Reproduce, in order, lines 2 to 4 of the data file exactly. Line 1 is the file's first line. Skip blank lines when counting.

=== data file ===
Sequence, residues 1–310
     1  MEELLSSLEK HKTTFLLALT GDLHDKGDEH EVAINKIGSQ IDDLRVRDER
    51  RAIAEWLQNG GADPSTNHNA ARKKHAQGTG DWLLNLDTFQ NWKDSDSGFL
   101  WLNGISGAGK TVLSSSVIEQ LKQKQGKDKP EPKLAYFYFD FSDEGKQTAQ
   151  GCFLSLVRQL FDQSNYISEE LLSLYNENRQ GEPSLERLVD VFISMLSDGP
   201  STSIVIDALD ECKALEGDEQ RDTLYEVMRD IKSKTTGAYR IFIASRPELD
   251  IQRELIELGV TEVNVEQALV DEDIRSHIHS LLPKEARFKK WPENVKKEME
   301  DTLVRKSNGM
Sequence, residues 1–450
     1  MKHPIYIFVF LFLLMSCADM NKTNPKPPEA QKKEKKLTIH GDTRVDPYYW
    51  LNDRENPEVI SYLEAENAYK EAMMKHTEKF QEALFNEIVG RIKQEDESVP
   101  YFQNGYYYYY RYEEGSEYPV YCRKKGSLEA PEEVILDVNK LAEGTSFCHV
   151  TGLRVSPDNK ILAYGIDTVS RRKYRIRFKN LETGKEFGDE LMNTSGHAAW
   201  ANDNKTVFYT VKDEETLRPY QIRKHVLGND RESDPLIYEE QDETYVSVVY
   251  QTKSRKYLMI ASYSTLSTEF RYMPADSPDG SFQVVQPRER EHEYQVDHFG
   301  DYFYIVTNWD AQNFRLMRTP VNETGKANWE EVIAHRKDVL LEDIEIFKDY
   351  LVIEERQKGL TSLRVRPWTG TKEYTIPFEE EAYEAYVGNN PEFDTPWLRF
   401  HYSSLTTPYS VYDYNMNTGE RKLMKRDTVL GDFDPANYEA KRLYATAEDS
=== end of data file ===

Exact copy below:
     1  MEELLSSLEK HKTTFLLALT GDLHDKGDEH EVAINKIGSQ IDDLRVRDER
    51  RAIAEWLQNG GADPSTNHNA ARKKHAQGTG DWLLNLDTFQ NWKDSDSGFL
   101  WLNGISGAGK TVLSSSVIEQ LKQKQGKDKP EPKLAYFYFD FSDEGKQTAQ